isubodh wrote:vinamr_s wrote:Mr. Rahul Mehta, an old member of this forum, has proposed an interesting test-cum-reward method of improving public education in India. Here is a description of it: https://www.rahulmehta.com/edu02.htm
I think it is a very good alternative to the battery of school inspectors our current District Education Office & Education ministries have installed to ensure that teachers are teaching, schools are functioning efficiently etc.
What do you guys think about it?
Just to give a perspective from Delhi Govt Schools where my close relative is a teacher, the teachers come to exam hall read out answers of objective and true/false questions to get students to clear exam and get higher pass percentage.
You might have to totally randomize the questions for each student to make it next to impossible to feed in answers to all students.
OMG. That's the situation in our national capital. Amazing!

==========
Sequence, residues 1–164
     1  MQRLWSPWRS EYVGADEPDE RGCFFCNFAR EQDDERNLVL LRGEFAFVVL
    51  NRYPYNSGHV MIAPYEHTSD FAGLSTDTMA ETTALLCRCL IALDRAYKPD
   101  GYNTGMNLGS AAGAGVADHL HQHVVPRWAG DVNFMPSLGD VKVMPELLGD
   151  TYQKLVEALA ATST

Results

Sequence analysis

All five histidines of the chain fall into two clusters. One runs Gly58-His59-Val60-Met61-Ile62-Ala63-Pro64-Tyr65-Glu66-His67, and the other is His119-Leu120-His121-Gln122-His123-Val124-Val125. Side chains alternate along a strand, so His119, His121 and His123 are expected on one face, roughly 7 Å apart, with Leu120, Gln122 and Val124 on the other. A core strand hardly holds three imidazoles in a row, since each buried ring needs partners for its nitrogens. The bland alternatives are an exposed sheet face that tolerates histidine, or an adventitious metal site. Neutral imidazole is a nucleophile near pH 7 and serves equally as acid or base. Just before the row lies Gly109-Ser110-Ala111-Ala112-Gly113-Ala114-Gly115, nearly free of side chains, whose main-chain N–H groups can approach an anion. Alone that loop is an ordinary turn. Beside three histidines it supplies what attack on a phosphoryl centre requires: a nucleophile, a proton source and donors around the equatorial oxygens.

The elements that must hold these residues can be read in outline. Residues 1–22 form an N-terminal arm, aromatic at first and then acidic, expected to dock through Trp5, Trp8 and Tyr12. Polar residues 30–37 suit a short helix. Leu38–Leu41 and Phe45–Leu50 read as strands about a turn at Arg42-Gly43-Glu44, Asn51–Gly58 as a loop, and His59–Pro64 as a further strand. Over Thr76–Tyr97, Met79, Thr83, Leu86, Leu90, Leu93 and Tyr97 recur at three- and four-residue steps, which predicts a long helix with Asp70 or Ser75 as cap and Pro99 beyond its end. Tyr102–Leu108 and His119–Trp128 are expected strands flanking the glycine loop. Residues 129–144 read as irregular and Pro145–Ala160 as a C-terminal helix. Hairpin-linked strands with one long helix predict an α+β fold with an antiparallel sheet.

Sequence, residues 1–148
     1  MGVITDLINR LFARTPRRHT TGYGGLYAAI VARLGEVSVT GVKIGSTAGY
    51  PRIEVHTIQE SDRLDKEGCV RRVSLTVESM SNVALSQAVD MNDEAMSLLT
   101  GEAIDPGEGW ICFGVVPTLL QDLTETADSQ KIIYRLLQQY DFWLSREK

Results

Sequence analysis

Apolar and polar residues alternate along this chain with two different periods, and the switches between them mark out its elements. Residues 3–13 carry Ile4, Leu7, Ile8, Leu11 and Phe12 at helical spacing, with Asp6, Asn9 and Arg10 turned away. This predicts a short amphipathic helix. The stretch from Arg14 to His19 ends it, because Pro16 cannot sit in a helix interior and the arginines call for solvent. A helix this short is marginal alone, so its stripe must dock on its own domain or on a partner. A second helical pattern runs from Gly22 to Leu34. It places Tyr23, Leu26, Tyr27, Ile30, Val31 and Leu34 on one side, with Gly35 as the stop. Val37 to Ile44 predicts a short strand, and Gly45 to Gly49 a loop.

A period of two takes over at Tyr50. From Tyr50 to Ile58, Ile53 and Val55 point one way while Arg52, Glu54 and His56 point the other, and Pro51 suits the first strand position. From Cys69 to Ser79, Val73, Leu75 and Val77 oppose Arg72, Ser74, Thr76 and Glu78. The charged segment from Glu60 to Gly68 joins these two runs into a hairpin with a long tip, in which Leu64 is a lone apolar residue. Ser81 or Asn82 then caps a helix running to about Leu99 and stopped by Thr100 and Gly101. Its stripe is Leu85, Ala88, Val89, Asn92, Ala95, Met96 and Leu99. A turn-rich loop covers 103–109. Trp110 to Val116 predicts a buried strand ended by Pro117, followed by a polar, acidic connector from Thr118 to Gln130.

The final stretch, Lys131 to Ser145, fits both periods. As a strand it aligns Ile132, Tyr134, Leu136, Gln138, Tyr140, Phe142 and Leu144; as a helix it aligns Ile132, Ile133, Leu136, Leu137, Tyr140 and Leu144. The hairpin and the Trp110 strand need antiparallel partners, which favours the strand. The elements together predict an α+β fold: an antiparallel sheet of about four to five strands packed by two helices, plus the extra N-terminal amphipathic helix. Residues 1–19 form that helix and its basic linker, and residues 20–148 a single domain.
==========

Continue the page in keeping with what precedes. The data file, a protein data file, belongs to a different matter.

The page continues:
In the current system, the teachers make the question papers for their school's exams (except for board exams, where their's a separate committee I guess). They know which questions are going to come beforehand and can prepare a key to read it out for the crowd.
I guess the following features of his system will make such cheating almost impossible:
1. The server randomly selects questions from the database (of lakhs of questions) and displays it on the terminals just when the exam starts.
2. All students will get the same questions BUT in a completely randomized ORDER.
3. They will only be able to go one question behind to change their response.
Additionally, we can set a limit on the time one gets to respond to a question, say 2-5 minutes (depending on difficulty).
So, at a given moment, *almost* everyone will have different questions and in those few minutes, the teachers will have to solve all questions in those 5 minutes. Say, the exam had 30-40 questions, the teachers will have to be extremely talented to be able to solve a question in 5 seconds. It'll be easier for them to teach the material to their students.